Thursday, September 21, 2017
Wheaton and the Challenge of Modelling Christian Community in Higher Education
The behavior described in this article is thus doubly disturbing. This would be unacceptable on any campus, and at a state school would likely lead to suspensions from the football team if not expulsion from the university as a whole. Due process must be followed, of course, and it would be appropriate for any college or university to follow that process before deciding on consequences for the perpetrators.
It appears that Wheaton has already followed whatever on-campus process they are going to follow, and has chosen to mete out what looks on the surface to be a fairly minimal punishment: the students in question have been assigned to write an essay, and to some hours of community service. This seems pretty minor even in a secular context.
There are obviously a lot of details missing here, but the optics are terrible for an institution that claims to be an intentional Christian community. This kind of assault, in that context, is a fundamental violation of trust and a gross offense against any reasonable sense of Christian ethics. Because of the nature of the community, it is an offense not only against the assaulted individual but against the entire community. And it sends a signal to the rest of the world: those "Christians" over there aren't any different from anybody else. Their faith doesn't mean anything.
If you were particularly inclined to be uncharitable, you could conclude that they have revealed their true religion: football. In that sense, they're not very different from the rest of the world.
Here's another unfortunate comparison: some avowedly Christian colleges (not Wheaton, but schools with a similar identity) have been known to expel students for having (consensual) sex outside of marriage, or for declaring a different sexual identity. Those things are unacceptable, but kidnapping and assault is OK?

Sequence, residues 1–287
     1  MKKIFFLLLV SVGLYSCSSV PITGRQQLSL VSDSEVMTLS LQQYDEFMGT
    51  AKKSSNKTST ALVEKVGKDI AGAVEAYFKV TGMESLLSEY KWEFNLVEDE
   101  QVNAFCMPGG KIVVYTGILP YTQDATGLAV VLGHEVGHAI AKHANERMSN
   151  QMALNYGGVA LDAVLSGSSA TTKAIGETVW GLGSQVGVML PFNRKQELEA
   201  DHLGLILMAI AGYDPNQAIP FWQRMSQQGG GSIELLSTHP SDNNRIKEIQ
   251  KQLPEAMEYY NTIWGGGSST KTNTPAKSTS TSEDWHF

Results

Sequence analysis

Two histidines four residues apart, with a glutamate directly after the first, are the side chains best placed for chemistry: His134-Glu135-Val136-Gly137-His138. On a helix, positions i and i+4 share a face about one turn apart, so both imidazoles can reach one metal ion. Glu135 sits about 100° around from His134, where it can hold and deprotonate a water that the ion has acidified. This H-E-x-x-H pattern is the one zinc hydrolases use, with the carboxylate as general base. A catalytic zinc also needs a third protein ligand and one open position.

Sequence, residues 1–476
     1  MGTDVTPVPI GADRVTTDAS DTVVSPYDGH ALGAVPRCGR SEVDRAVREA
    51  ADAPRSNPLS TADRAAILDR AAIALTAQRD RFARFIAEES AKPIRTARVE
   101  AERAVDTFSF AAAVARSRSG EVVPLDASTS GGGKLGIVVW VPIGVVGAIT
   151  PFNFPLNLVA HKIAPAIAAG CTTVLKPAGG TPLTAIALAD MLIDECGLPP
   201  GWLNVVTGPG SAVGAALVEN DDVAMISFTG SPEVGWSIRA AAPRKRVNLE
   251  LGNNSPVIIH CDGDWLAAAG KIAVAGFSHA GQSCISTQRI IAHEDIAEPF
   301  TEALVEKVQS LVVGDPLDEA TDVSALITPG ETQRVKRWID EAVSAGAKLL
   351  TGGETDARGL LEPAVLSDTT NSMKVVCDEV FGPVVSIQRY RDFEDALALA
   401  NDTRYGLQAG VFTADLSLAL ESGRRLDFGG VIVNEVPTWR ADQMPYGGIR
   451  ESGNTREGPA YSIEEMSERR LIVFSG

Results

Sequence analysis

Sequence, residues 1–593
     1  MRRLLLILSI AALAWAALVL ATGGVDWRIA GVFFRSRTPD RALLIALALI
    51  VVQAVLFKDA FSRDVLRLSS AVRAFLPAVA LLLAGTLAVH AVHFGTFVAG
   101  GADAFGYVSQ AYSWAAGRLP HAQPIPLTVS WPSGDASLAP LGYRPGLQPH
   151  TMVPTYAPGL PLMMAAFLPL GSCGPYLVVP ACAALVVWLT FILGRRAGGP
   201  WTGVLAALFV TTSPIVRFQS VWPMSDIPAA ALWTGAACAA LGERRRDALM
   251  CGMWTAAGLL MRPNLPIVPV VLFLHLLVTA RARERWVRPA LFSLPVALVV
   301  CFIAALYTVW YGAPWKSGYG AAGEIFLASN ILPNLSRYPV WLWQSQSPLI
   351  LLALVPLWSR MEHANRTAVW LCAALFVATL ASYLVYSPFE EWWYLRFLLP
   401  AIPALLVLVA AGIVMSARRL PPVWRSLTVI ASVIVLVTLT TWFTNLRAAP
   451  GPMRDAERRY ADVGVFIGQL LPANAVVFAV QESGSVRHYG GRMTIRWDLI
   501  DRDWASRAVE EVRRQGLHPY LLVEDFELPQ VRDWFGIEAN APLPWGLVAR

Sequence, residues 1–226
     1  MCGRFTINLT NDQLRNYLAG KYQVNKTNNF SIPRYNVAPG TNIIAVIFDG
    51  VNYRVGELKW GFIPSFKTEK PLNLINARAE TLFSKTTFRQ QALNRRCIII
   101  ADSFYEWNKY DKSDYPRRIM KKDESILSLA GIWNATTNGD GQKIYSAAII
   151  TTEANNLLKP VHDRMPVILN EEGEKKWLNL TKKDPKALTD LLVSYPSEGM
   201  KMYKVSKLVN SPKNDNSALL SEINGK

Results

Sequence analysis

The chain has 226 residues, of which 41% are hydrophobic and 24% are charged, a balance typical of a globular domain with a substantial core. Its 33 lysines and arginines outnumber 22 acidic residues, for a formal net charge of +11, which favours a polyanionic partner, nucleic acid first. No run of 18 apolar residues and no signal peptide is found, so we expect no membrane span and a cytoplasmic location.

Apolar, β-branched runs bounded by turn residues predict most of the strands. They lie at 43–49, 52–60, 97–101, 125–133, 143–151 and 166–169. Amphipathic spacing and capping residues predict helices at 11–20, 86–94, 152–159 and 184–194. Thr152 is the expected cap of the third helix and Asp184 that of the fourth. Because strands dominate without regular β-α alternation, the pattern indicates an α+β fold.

What would a Christian response look like? It's not so much about the punishment - if anything, a Christian response should leave far more room for forgiveness than the world usually wants. But it is about repentance, examination, and transformation. And since the offense was against the community, some parts of that should be visible to the whole community.
Administrators at Wheaton will undoubtedly cite FERPA and a range of other laws and regulations protecting privacy and due process. Those regulations are good things, but they are not the only thing. What the college chooses to do in terms of its community process is up to it. At minimum, student offenders can be offered a choice: based on a finding of facts, participate in a process of repentance and reconciliation - one that is visible - or leave.
Sometimes, Christian communities come together and behave in ways that really do show the world that faith matters. Several years ago after a tragic shooting in the Amish community of Nickel Mines, the community came together and publicly forgave the perpetrator and his family. The process of that conversation was difficult but also moving. They did it in public, not because they cared about the publicity or what anyone else thinks of them (the Amish are famous for being indifferent to what we English think), but because it was the right thing to do.
I think Wheaton missed a real opportunity here to live out its faith in public. Perhaps they will reconsider, as I suspect they're going to be facing negative publicity for a while.